Russia says there has been no major progress in talks with the United States over visa issues and the activity of their diplomatic missions, warning that the dispute may lead to the further worsening of bilateral relations.
Russia's Deputy Foreign Minister Sergei Ryabkov made the comment after holding discussions behind closed doors with US Under Secretary of State Victoria Nuland in Moscow on Tuesday.
The meeting came as Moscow and Washington, whose ties are already at post-Cold War lows, are currently embroiled in a dispute over the workings of their diplomatic missions, specifically the number of diplomats they can post to each other's capitals.
Ryabkov said the two officials had failed to make major progress on the functioning of diplomatic missions, including visas and rotation of personnel.
"Americans are not heeding our logic or our demands," Russia's state news agency RIA Novosti quoted Ryabkov as saying. "At the same time, the talks were useful."
The Russian diplomat warned that a lack of progress in the talks had raised the possibility of new areas of conflict, saying, "There is very little progress when it comes to the substantive part of the problems that exist. There is a risk of new tensions."
Ryabkov did not rule out the possibility that the work of Russian and US diplomatic missions would be frozen, but said Moscow would like to avoid such a scenario.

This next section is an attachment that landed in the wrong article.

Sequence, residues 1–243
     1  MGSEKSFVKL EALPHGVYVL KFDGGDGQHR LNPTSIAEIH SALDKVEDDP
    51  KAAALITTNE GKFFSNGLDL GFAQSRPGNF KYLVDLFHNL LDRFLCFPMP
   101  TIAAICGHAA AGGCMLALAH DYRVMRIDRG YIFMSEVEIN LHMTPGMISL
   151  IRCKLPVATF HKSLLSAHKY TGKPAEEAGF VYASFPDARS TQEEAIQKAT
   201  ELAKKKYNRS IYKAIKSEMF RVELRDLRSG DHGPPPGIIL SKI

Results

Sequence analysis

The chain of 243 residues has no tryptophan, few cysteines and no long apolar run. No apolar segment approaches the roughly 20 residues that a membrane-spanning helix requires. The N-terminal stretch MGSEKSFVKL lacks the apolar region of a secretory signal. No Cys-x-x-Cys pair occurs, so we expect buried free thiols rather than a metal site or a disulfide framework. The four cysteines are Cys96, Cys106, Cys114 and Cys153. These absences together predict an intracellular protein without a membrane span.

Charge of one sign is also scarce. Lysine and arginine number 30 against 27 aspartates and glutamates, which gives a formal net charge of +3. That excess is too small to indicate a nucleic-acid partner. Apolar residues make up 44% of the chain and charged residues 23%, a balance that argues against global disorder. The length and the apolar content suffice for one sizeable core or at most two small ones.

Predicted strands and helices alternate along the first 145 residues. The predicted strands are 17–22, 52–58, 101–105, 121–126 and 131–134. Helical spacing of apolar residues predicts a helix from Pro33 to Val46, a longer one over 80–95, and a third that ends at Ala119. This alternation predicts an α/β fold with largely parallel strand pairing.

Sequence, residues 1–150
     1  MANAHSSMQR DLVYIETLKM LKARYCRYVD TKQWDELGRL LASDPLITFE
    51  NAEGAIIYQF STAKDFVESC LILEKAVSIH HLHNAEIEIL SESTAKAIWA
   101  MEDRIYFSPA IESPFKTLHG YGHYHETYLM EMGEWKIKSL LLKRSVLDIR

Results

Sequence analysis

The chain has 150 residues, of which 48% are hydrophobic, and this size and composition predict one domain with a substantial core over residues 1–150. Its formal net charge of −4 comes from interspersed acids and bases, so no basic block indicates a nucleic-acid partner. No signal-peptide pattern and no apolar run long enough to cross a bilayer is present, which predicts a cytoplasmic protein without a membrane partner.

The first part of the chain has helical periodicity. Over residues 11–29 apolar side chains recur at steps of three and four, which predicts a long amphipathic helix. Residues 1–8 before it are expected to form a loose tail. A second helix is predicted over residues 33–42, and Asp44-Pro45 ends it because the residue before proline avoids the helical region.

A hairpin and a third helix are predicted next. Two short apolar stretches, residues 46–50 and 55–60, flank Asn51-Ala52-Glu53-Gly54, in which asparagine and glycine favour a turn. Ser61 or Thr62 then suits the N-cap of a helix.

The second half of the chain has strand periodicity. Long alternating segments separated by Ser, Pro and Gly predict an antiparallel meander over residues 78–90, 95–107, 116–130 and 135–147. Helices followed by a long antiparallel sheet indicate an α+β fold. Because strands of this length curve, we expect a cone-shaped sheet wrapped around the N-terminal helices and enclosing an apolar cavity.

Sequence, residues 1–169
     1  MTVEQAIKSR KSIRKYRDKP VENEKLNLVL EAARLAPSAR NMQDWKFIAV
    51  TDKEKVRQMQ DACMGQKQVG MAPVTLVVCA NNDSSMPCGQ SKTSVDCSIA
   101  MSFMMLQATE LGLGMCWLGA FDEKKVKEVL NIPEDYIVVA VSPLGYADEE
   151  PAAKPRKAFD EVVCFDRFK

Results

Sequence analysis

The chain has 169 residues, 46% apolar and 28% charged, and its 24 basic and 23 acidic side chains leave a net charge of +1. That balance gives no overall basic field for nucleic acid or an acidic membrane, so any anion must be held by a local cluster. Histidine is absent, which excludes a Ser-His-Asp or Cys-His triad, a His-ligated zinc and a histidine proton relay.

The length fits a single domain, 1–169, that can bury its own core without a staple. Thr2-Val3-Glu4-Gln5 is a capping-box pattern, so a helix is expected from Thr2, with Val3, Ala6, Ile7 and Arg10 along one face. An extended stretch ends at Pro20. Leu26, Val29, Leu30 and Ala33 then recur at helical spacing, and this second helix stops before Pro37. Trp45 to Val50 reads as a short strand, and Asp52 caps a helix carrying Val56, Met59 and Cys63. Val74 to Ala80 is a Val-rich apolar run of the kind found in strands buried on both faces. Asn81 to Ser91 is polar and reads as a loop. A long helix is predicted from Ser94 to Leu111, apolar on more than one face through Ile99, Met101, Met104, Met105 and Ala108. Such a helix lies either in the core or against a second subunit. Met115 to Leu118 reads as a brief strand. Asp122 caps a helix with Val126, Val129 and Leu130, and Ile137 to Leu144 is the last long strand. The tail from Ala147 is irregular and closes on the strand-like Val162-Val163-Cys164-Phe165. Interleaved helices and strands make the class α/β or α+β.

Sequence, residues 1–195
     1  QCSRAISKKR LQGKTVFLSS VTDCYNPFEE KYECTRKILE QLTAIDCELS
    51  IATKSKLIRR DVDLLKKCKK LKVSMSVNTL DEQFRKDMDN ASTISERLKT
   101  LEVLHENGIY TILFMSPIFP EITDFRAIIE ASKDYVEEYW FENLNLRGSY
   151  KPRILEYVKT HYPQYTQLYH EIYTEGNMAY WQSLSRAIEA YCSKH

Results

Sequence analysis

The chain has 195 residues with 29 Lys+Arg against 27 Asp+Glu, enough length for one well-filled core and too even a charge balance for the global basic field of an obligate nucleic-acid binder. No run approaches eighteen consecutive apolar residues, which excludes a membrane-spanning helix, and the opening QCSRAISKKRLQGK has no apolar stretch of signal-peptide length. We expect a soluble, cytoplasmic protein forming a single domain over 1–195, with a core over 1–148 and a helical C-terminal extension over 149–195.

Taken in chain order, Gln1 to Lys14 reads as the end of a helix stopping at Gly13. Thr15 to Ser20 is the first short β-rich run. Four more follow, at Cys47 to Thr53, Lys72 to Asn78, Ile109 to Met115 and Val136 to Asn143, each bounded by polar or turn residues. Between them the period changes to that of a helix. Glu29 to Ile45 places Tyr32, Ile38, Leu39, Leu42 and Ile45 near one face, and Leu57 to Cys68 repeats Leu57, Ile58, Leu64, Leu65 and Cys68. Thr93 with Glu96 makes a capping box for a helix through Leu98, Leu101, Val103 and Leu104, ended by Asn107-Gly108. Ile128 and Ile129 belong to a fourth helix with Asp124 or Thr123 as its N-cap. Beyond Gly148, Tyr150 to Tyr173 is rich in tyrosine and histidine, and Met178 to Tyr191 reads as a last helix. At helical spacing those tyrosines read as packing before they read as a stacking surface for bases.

The Russian deputy foreign minister also said the two sides planned to hold new consultations focused on resolving the issues around visas and diplomats, without specifying a date.
"Representatives from the capital cities will get together purposefully, there will be specialized consultations on the conditions of the activity of the diplomatic missions, on visas and related issues," he said.
Nuland's visit to Russia comes as the two countries have recently engaged in tit-for-tat expulsions of diplomatic personnel and the closure of their consulates, with Russia earlier this year designating the US as an "unfriendly state" and prohibiting the American Embassy from employing foreign nationals. The US mission in Moscow, as a result, dismissed 182 employees and dozens of contractors.
In April, Russia ordered 10 American diplomats to leave the country after the United States expelled Russian diplomats and imposed more sanctions on several dozen Russian individuals and companies. Moscow also recalled its ambassador from Washington back then.
Last week, a group of Democratic and Republican senators in the US called on President Joe Biden to expel up to 300 Russian diplomats. They said the dismissal of local staff in Russia had hindered the embassy's ability to handle US consular needs as well as its policy interests.
Tensions between Moscow and Washington were expected to ease after a June summit between Biden and his Russian counterpart, President Vladimir Putin, in Geneva. The two sides, howsoever, have seen their deep-seated differences continue over a host of issues, including the situation in Ukraine, arms control, human rights, and cybersecurity.